2. Calculate the number of molecules in 2 c.c. of the perfect gas at $27^\circ$ at a pressure of 10 cm of mercury.Mean kinetic energy of each molecule at $27^\circ=7\times 10^{-4}\,erg$ and acceleration due to gravity is $980\,cm/s^2$ . (Ans:  $5.71 \times 10^8$)


JEE Main Physics Kinetic Theory of Gases Study Materials

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JEE Main Physics Study and Practice Materials

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Conclusion

The "Kinetic Theory of Gases" chapter is a fundamental cornerstone in the realm of JEE Main preparation. It unveils the microscopic world of gas particles, providing essential insights into their behavior and properties. Understanding concepts like the ideal gas law, kinetic energy, and the distribution of molecular speeds equips students to solve complex problems in physics and chemistry. Beyond the exam, this knowledge plays a pivotal role in comprehending various real-world phenomena. The chapter fosters an appreciation for the interplay between macroscopic and microscopic behavior, laying a strong foundation for success in JEE Main and a deep understanding of the physical world.

FAQs on Kinetic Theory of Gases Chapter - Physics JEE Main

1. What is the weightage of the kinetic theory of gases in JEE?

From this chapter, approximately 2-3 questions are asked every year and thus leading to the approximate weightage of 3-4% in the exam.

2. Is it necessary to study the kinetic theory of gases for JEE?

Fundamentally, the kinetic theory of gases is a crucial topic since it provides the foundation for understanding the gaseous state of matter. It's also useful for learning the fundamentals of thermodynamics.

3. Is it truly beneficial to practice prior year questions for the JEE exam?

Practicing prior year questions from any chapter helps us to understand which topic is important from an exam point of view. It also gives us an idea about the difficulty level of the topics that have been asked in the chapter. Therefore, it is important to practice the previous year's questions for a better understanding of important topics of the chapter and also try to make your own kinetic theory of gases notes for the last revision before the exam.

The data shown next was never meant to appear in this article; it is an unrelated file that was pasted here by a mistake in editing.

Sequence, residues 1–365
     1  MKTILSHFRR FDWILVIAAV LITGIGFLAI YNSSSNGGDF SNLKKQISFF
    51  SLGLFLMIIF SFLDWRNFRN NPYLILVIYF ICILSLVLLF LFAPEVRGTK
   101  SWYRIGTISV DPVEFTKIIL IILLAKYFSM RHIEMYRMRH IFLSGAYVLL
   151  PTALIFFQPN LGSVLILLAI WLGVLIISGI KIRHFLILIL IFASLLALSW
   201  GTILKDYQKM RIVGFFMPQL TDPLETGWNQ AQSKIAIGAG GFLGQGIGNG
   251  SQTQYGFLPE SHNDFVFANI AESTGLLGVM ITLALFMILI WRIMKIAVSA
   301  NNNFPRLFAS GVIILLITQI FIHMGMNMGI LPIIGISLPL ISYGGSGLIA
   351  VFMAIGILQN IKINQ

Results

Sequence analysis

4. What is Kinetic Interpretation of Temperature?

The kinetic interpretation of temperature is a fundamental concept in physics that relates the temperature of a substance to the average kinetic energy of its constituent particles. According to the kinetic theory of gases, the average kinetic energy of gas molecules is directly proportional to the absolute temperature of the gas. This means that hotter gases have faster-moving molecules, while cooler gases have slower-moving molecules. The kinetic interpretation of temperature can be extended to solids and liquids as well, where the average kinetic energy of the particles is associated with their vibrations or random movements, respectively.

5. What are the assumptions of kinetic theory of gases?

The kinetic theory of gases is a model that describes the behavior of gases at the molecular level. It is based on the following assumptions:

Assumption

Explanation

Molecules are point-like

This means that the molecules are so small that their size can be neglected.

Molecules are in constant random motion

This means that the molecules are always moving in all directions at different speeds.

Collisions are perfectly elastic

This means that the molecules do not lose any energy during collisions.

Interactions between molecules are negligible except during collisions

This means that the molecules only interact with each other when they collide.

Average kinetic energy is proportional to temperature

This means that the molecules move faster when the temperature is higher.

6. What are the postulate of kinetic theory of gases?

The postulates of kinetic theory of gases are:


  1. Gas molecules are in a constant state of random motion.

  2. Gas molecules are very small and are far apart from each other.

  3. All collisions between gas molecules are elastic.

  4. The average kinetic energy of gas molecules is directly proportional to the absolute temperature of the gas.

  5. The pressure of a gas is caused by the collisions of gas molecules with the walls of the container.

  6. The more collisions there are, the higher the pressure.